Two pieces of good news today for gays, lesbians, and everyone else.
Here in Florida, good news for families:
Florida child welfare administrators will not appeal last month’s ruling that tossed out Florida’s controversial gay-adoption law.
George Sheldon, secretary of the Department of Children & Families, announced Tuesday his agency will not appeal a ruling by the Third District Court of Appeal that declared the 33-year-old law unconstitutional. The ruling involved two former foster children adopted by Frank Martin Gill, an openly gay North Miami man who took custody of the boys under DCF’s authorization.
”It’s clear that the District Court of Appeal decision is of statewide application, and it will be binding on all trial courts across the state,” Sheldon said.
As of last week, the state had exhausted the time to challenge the Gill adoption, and so, regardless of the law’s status, the two children will remain Gill’s adoptive children, Sheldon said.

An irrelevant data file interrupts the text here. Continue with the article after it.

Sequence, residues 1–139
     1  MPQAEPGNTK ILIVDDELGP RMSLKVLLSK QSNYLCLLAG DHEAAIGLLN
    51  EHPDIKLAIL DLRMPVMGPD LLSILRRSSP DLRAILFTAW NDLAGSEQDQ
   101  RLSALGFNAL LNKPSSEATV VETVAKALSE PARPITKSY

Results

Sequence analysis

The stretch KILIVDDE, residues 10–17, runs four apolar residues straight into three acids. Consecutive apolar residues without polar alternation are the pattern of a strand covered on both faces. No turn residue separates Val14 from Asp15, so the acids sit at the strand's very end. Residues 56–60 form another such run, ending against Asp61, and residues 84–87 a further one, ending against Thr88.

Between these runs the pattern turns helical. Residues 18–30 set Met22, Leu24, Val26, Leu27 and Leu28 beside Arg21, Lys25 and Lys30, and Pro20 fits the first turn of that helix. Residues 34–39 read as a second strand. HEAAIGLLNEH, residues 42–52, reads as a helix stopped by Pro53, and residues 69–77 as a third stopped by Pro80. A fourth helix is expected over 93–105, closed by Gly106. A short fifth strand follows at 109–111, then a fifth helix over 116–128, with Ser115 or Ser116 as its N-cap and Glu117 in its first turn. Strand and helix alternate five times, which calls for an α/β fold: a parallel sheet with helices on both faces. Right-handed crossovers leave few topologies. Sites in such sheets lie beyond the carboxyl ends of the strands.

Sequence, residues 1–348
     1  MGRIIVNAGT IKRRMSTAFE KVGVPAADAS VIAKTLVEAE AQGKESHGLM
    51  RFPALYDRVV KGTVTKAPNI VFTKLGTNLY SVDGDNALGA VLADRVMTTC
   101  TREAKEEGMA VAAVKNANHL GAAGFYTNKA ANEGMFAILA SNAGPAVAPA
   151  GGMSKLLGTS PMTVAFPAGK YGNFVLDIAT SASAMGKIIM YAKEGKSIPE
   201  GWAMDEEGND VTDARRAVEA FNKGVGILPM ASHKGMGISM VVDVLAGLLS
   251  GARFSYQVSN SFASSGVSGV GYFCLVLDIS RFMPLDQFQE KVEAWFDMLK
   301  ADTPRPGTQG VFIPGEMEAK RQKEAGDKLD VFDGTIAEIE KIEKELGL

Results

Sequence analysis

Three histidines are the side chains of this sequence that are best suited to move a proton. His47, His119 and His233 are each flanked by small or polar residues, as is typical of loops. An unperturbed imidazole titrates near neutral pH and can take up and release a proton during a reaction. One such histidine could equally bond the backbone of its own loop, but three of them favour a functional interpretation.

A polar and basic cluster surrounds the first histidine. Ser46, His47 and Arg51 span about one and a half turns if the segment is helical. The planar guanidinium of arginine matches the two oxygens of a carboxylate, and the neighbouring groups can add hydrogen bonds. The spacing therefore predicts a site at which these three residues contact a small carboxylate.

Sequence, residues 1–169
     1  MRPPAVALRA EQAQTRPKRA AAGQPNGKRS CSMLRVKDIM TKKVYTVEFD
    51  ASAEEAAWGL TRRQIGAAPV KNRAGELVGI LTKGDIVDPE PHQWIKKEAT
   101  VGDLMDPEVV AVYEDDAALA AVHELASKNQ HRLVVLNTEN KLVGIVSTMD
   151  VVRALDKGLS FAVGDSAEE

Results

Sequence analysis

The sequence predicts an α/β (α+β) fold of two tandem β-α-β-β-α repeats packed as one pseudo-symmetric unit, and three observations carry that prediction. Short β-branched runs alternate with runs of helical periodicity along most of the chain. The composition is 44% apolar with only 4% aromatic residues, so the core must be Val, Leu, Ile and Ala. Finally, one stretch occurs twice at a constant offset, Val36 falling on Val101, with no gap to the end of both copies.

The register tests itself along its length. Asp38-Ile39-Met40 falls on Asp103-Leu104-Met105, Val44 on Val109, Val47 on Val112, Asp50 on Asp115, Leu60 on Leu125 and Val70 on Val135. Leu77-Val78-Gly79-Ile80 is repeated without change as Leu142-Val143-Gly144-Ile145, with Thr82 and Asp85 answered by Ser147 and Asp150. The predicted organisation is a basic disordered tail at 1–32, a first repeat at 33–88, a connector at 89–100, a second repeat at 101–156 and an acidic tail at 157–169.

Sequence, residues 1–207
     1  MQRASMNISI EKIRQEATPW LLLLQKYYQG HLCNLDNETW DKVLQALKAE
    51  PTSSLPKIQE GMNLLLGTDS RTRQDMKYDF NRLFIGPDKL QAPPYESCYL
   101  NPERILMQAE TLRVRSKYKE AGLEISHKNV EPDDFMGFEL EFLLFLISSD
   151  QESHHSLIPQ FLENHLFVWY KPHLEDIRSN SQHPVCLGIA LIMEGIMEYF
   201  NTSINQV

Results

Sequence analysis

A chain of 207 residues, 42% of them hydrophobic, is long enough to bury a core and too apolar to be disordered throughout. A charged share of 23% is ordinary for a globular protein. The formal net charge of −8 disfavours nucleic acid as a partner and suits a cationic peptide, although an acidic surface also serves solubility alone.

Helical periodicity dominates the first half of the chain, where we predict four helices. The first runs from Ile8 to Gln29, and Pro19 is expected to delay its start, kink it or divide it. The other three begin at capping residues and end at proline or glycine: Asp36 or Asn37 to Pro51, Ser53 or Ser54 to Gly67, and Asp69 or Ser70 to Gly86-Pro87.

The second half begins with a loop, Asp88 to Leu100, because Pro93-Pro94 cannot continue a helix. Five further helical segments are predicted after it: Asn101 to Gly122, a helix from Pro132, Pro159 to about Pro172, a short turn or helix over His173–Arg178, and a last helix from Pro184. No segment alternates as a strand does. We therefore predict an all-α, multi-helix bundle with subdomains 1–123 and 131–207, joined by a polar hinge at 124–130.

Florida is the only state with a law that explicitly bans gays and lesbians from adopting children, although they can serve as foster parents.
And good news for the military:
A federal judge issued a worldwide injunction Tuesday immediately stopping enforcement of the military’s “don’t ask, don’t tell” policy, suspending the 17-year-old ban on openly gay U.S. troops.
U.S. District Judge Virginia Phillips’ landmark ruling also ordered the government to suspend and discontinue all pending discharge proceedings and investigations under the policy.
U.S. Department of Justice attorneys have 60 days to appeal. Pentagon and Department of Justice officials said they are reviewing the case and had no immediate comment.
Yip-yahs all around.
Cue the right-wing whining about activist judges in 3…2…1….